Dip into the past of this beautiful area

Learn more about the Pecho Coast Trail

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This pristine area is situated north of the Point San Luis Lighthouse and west of the Irish Hills on California’s Central Coast.

The Pecho Coast Trail has been open for docent-guided hikes since 1993. Before that time, the secluded beaches, rugged cliffs and broad coastal terraces of the Pecho Coast had been privately owned and had once been known as Rancho San Miguelito.

The wooded canyons, fertile headlands, lush shoreline and tide pools have provided human sustenance for at least 10,000 years. When the Spanish began exploring and settling along the Central Coast, Northern Chumash people inhabited the area. Their rich and varied culture was significantly impacted by the establishment of Mission San Luis Obispo de Tolosa in 1772. The Mexican Period (1822 – 1846) marked the first subdivision of lands along the Pecho Coast, which were split among very large land grants. PG&E works with Northern Chumash descendants to ensure responsible management of the coastline’s rich cultural resources.

The development of Port San Luis and its important shipping industry coincided with the increasing settlement of the area during the nineteenth century. The Point San Luis Lighthouse and breakwater were constructed in 1890 to maintain a safe port. These structures and many other sites of historic interest are visible from the Pecho Coast Trail.

Hike the Pecho Coast Trail

Learn more about the Point Buchon Trail

point buchon trail logo

Once known as Rancho Cañada de Los Osos y Pecho y Islay, this pristine area is situated just south of Coon Creek (Montaña de Oro State Park) and west of the Irish Hills on California's Central Coast. The scenic coastal trail has been open to the public since 2007.

The area around the Point Buchon Trail was occupied by Native Americans for over 10,000 years. The magnificent headland known as Point Buchon is named in honor of a prominent Northern Chumash leader so-named Buchon by the Spanish in 1769.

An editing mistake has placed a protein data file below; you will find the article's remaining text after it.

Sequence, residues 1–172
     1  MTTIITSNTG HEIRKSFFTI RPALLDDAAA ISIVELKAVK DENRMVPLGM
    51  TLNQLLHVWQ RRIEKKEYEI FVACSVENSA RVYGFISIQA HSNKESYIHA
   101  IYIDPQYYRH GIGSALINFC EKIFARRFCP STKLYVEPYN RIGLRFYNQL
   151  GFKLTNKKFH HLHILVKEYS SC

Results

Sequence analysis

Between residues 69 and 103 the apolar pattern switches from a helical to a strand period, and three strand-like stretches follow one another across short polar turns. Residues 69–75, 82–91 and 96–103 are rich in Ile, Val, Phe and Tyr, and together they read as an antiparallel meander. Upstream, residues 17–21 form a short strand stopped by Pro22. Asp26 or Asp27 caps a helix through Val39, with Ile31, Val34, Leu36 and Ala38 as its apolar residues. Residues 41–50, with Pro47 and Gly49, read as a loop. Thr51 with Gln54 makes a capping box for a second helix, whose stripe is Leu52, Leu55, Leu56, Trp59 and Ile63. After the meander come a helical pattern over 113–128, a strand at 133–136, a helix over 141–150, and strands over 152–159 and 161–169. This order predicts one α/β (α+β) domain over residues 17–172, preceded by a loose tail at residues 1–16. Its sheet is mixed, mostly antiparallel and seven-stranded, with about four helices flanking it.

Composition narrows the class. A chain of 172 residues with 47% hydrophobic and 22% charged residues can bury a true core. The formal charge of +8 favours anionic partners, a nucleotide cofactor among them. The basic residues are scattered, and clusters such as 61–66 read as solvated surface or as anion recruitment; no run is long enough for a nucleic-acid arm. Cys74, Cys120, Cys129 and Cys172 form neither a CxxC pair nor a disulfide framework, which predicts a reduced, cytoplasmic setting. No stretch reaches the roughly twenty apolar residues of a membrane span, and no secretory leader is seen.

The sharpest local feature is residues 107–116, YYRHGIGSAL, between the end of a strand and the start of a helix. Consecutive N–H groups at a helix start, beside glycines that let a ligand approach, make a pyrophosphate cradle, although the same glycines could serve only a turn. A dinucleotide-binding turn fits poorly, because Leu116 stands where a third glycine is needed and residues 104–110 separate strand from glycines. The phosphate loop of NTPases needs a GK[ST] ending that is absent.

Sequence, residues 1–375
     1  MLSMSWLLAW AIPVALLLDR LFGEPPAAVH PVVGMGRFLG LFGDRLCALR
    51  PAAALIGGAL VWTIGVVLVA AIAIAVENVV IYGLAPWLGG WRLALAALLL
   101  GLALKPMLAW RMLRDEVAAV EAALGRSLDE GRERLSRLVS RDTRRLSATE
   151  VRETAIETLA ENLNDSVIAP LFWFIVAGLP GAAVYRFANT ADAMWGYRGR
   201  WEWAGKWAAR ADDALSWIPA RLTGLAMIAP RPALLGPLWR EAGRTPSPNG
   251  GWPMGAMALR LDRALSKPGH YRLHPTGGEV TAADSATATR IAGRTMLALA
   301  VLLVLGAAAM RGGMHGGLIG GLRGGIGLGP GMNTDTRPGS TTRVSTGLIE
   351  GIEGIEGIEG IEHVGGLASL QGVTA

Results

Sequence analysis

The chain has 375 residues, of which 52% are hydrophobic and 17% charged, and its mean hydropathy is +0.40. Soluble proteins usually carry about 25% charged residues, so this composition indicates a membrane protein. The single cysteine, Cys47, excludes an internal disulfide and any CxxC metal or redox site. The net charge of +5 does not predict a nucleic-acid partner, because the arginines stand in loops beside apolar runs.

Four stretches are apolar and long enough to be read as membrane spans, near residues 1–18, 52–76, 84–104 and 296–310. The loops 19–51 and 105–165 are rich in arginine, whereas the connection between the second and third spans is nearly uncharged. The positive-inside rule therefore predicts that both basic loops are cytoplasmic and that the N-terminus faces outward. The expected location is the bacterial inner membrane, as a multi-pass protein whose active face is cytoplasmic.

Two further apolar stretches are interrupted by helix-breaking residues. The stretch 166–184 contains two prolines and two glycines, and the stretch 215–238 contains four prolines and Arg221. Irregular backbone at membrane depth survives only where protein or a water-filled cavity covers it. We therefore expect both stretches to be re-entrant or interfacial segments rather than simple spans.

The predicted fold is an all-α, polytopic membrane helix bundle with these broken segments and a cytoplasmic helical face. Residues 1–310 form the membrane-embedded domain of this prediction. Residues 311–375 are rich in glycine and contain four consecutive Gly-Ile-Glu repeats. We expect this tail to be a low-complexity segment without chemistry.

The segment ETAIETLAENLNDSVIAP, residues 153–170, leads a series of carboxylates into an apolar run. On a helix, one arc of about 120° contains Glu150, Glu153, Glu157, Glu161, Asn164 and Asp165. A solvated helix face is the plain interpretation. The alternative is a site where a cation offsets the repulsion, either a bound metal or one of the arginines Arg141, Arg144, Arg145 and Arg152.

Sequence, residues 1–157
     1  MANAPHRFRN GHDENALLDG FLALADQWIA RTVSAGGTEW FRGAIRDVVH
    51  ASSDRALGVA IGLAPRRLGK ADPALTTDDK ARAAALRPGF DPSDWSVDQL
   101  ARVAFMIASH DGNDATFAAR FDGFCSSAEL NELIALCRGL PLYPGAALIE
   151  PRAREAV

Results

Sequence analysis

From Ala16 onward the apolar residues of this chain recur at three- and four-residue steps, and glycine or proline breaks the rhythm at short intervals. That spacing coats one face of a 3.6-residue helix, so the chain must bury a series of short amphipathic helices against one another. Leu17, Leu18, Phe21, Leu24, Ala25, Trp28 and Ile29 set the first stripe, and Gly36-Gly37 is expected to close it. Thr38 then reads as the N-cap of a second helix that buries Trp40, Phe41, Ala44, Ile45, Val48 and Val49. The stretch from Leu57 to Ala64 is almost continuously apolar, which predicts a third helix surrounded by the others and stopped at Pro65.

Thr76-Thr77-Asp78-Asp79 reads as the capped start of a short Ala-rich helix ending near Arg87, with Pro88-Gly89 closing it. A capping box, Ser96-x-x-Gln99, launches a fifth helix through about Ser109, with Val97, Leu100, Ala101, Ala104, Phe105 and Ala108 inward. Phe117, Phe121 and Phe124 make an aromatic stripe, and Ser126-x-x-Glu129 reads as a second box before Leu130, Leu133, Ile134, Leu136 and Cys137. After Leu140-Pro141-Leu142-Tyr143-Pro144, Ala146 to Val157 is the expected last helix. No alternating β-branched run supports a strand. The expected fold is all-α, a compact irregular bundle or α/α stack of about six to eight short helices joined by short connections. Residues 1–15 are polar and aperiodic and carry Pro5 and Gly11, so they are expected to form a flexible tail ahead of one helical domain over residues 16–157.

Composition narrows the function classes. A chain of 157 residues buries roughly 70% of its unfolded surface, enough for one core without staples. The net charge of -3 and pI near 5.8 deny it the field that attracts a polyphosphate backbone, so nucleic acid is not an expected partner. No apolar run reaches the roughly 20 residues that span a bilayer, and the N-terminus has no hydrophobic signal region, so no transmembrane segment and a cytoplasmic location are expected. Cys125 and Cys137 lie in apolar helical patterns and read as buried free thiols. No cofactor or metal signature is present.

The land has been put to agricultural use since its days as a Mexican rancho. Crops were primarily grown on the coastal terrace, while livestock grazed in the hills further inland. During the 1920s and 1930s, much of the coastal terrace was leased to Japanese-American farmers. They continued to farm the land until 1942, when they were involuntarily relocated to internment camps established during World War II. Descendants of former tenant-farmers still visit the Point Buchon area and their story is memorialized on a trailside interpretive sign at Windy Point.

In 1942, Oliver C. Field acquired the Spooner Ranch. It included the lands that now comprise Montaña de Oro State Park, south to the present-day boundaries of Diablo Canyon Power Plant. Eventually, Field gave up farming because of difficulties in tapping enough water to irrigate his crops. While this coastal terrace is no longer farmed, rotational cattle grazing is currently practiced.

In 1976, Walt Disney filmed a portion of Pete's Dragon (1977) on a headland south of Point Buchon. A lighthouse was built for filming and equipped with such a large beacon that Disney had to get special permission from the Coast Guard to operate it. Although the lighthouse was dismantled, hikers on the Point Buchon Trail can see the filming location at the aptly named "Disney Point."

Hike the Point Buchon Trail